How Is Vertigo Related to Trauma to the Head or Neck?
Vertigo has been seen to come about after an accident of some sort that included injury or stress to the head or neck. Vertigo is a medical condition causing you to feel as if you or the things around you are moving when they are not. In particular, it feels like a spinning sensation. Vertigo is the most common form of dizziness and often comes about or is worsened when the head is moved.
In addition to a spinning sensation, vertigo may be accompanied by the following symptoms:
- Nausea: This is the feeling that you may vomit, and if you think about eating anything, it is torture. Moving objects like riding in a car or motion on a computer screen can be impossible to handle.
- Vomiting: This will more than likely accompany vertigo, especially if you are feeling nauseous. If it does not subside in a few days, consult your doctor.
- Ear infection: Usually treated with antibiotics, it causes the nerves of the inner ear to become inflamed and send improper signals to the brain.
- Tinnitus: This is a ringing noise in the ears that is more of a mild annoyance than anything.
- Difficulty with balance: You may feel as if you cannot walk in a straight line. You may feel wobbly or as if you need to hold the wall for support.
- Abnormal eye movements: This is called nystagmus and is a series of rapid eye movements.
- Eye twitching: This may also include itching, eye spasms, or feeling as if you need to rub your eyes repeatedly. Sometimes putting a cold cloth over the eye can help.
- Headaches or migraines: Dizziness, nausea, and headaches all seem to go hand in hand.
- Sweating: While annoying, this is the easiest part of vertigo to deal with. Don’t forget to drink plenty of water to replenish your body.
- Loss of coordination: You may become clumsy or fall easily during a vertigo attack. Dropping things, tripping, or difficulty doing simple tasks are all part of this condition.
- Trouble speaking: This happens when brain damage is at the core of your vertigo.
- Double vision: As the calcium crystals within your inner ear shift, the brain tries to control balance but is being tricked by this shifting and compensates for movement by trying to stabilize your vision. This leads to problems focusing.
Causes of Vertigo
Vertigo has to do with the body’s balance system and involves the brain, eyes, and ears. There are two basic types:
- Peripheral vertigo: Brought about by problems in the ears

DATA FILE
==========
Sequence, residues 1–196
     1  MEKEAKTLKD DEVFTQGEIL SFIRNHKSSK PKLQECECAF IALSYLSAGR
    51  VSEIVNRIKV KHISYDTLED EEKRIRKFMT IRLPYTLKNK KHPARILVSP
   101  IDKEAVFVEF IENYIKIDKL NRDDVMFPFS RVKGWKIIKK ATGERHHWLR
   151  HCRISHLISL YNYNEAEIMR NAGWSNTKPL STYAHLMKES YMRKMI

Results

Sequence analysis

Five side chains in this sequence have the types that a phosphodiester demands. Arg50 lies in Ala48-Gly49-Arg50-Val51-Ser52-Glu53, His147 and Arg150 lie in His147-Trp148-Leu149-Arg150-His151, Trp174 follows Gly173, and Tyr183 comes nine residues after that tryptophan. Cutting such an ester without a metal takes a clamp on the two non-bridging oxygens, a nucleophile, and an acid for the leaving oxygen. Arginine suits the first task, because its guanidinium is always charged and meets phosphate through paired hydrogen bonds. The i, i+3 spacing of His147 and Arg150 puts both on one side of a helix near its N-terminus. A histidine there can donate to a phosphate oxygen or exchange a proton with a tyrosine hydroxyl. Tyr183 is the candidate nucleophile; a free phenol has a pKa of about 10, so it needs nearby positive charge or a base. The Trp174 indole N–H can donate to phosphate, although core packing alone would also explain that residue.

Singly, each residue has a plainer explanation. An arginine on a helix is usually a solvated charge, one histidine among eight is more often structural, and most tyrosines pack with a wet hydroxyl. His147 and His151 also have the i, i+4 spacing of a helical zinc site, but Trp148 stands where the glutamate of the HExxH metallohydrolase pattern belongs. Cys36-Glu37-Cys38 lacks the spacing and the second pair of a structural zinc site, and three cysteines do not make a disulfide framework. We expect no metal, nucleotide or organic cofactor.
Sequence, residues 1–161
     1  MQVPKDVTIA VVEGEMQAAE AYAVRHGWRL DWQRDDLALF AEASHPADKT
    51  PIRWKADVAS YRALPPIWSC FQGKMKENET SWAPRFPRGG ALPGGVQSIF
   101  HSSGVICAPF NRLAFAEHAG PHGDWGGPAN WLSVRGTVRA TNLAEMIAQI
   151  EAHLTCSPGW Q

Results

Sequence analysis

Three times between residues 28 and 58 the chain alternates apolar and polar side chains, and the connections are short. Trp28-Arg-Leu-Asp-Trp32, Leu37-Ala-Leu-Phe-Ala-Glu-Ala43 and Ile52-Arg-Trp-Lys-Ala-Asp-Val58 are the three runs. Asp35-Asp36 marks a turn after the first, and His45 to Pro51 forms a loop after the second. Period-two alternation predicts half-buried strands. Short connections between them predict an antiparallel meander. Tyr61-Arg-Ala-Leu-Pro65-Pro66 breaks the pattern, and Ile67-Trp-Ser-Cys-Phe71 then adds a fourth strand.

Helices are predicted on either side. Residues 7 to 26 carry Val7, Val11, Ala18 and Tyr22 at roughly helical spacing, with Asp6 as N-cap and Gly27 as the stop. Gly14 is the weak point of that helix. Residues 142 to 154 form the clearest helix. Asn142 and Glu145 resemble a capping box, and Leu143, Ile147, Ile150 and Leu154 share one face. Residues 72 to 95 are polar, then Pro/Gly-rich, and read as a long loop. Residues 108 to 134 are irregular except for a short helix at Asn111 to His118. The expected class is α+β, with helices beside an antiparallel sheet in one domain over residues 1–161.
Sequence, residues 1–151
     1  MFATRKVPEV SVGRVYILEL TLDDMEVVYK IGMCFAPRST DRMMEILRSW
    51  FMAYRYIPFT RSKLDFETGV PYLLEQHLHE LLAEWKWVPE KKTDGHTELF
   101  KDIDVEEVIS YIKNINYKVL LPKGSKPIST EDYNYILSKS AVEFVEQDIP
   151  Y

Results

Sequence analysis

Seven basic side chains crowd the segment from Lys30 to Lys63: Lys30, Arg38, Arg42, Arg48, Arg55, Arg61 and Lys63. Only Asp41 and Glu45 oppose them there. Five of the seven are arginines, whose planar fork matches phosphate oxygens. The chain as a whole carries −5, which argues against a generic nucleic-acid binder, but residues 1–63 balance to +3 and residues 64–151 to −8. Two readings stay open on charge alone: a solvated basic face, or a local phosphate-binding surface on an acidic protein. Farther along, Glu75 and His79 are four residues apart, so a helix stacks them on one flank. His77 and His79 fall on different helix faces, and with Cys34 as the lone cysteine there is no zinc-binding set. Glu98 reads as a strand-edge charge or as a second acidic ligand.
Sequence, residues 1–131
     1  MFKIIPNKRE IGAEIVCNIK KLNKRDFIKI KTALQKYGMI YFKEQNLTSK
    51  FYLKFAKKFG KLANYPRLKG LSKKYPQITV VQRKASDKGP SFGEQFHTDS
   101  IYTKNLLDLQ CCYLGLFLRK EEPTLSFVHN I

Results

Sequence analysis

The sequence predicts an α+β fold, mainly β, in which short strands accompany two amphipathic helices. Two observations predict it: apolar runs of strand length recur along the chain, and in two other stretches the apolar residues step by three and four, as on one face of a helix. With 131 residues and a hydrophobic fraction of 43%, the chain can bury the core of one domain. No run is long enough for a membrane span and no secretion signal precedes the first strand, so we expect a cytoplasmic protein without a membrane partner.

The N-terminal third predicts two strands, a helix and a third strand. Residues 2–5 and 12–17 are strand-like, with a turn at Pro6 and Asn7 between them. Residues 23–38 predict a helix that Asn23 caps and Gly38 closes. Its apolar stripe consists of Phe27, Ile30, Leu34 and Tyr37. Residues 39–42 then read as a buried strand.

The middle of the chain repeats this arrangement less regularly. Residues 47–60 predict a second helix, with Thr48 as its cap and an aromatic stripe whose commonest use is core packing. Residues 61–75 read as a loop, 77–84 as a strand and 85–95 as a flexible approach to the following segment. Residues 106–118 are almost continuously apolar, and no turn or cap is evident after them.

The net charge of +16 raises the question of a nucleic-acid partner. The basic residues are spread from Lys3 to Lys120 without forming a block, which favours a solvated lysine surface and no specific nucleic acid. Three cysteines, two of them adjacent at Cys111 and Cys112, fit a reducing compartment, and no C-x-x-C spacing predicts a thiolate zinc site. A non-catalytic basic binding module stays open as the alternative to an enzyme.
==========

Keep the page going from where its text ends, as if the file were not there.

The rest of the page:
- Central vertigo: Brought about by problems in the brain
Peripheral vertigo causes include:
- BPPV- benign paroxysmal positional vertigo: The most common form of vertigo brought about by the movement of small crystals in the ear that move about when your head changes position, you stand up, or bend over. Nystagmus may also occur, meaning that a person’s eyes may move about uncontrollably. BPPV is most common in people over the age of 50.
- Labyrinthitis: This occurs when the channels within the ear become infected. It can come about after a cold or the flu or from bacteria. It is a very painful condition.
- Meniere’s disease: A rare and progressive long-term condition that impacts the inner ear. Episodes come about quickly and can last for several hours.
- Vestibular Neuronitis: Inflammation of the inner ear due to a virus.
- Head injuries: It has been noted that vertigo often occurs after a head or brain injury. It is important to seek the care from a medical professional if you have endured head trauma.
- Medication side effects: Vertigo and dizziness are both common results from certain medications. If it becomes too severe, it is a good idea to see if the person who subscribed them can switch you to something else.
Central vertigo causes:
- Stroke/transient ischaemic attack: These are also called mini strokes or TIAs and have to do with a loss of blood supply to the brain which may also cause vertigo.
- Migraines: A severe neurological condition that has head pain as its main symptom.
- Brain tumors: These include what is called acoustic neuroma – a benign tumor that impacts the acoustic nerve responsible for sending messages about balance and sound.
- Multiple sclerosis: An autoimmune disorder in which the body attacks its own coating of the nerves causing improper signals and leads to vertigo and balance issues.
Head and Neck Injuries Bring About Vertigo
As mentioned in the beginning of the article, vertigo often comes about after one has had some type of head or neck injury such as a car accident, a sporting accident, or even a simple trip and fall. This is due to the delicate nature of the neck and its components. The head weighs an average of 12 pounds and rests upon the atlas bone that weighs around 2 ounces. The atlas (C1 vertebra) often takes the brunt of the trauma when an injury is endured causing it to misalign. If the atlas bone misaligns, it puts pressure on the brainstem and causes it to send improper signals to the brain about, for one thing, the body’s location, resulting in vertigo.
Here at Upper Cervical Chiropractic of Georgia in Dacula, Georgia, we are able to assist our vertigo patients by correcting the atlas misalignment through a gentle, scientific method that does not require us to pop or crack the spine or neck. Rather, the bones are encouraged to move into place naturally, allowing the body to heal from the damage done. This often leads to improvement in vertigo or an elimination of it altogether.
Dr. Nick Tedder is an Upper Cervical Specialist who addresses Vertigo with Upper Cervical Chiropractic care in Dacula GA and services the communities of Atlanta, Auburn, Austell, Braselton, Buford, Cumming, Dacula, Duluth, Dunwoody, East Point, Flowery branch, Gainesville, Grayson, Hoschton, Hamilton Mill, Johns Creek, Lanier Islands, Lawrenceville, Lilburn, Norcross, Suwanee, and Winder.